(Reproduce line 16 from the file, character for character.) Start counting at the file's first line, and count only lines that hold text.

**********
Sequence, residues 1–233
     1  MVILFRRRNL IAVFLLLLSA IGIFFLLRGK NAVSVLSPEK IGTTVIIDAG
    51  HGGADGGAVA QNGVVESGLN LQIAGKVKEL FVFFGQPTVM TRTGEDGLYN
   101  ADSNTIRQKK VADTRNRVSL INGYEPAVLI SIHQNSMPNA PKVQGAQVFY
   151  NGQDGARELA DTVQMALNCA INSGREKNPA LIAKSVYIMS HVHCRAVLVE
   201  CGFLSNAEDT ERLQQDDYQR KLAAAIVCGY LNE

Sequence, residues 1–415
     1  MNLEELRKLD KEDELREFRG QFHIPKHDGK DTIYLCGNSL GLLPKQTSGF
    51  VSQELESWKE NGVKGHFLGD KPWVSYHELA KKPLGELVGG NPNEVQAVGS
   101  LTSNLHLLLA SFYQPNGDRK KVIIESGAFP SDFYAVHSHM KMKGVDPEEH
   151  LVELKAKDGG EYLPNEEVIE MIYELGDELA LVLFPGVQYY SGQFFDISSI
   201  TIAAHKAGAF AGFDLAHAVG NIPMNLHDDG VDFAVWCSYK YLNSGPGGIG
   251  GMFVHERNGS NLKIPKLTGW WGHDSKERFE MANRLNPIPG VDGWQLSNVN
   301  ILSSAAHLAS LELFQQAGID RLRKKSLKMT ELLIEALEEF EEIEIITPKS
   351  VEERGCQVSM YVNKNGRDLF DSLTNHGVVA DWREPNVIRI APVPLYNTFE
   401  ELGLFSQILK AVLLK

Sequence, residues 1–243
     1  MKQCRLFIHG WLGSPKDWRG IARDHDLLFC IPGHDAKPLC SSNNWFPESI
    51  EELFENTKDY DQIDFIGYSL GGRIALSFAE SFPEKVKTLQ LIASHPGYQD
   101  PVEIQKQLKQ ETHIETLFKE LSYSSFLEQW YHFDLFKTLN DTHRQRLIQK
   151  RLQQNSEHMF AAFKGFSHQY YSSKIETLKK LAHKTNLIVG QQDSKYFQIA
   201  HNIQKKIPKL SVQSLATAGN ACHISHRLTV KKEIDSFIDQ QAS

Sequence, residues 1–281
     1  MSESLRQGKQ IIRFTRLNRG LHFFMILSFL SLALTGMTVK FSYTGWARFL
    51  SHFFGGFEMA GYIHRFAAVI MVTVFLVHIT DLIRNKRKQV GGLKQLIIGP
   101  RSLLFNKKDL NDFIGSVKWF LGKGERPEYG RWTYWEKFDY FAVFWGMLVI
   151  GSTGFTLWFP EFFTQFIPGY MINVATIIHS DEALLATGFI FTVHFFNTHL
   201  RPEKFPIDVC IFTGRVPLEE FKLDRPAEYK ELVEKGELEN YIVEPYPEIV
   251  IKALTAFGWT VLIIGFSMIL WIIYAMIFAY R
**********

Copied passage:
   401  ELGLFSQILK AVLLK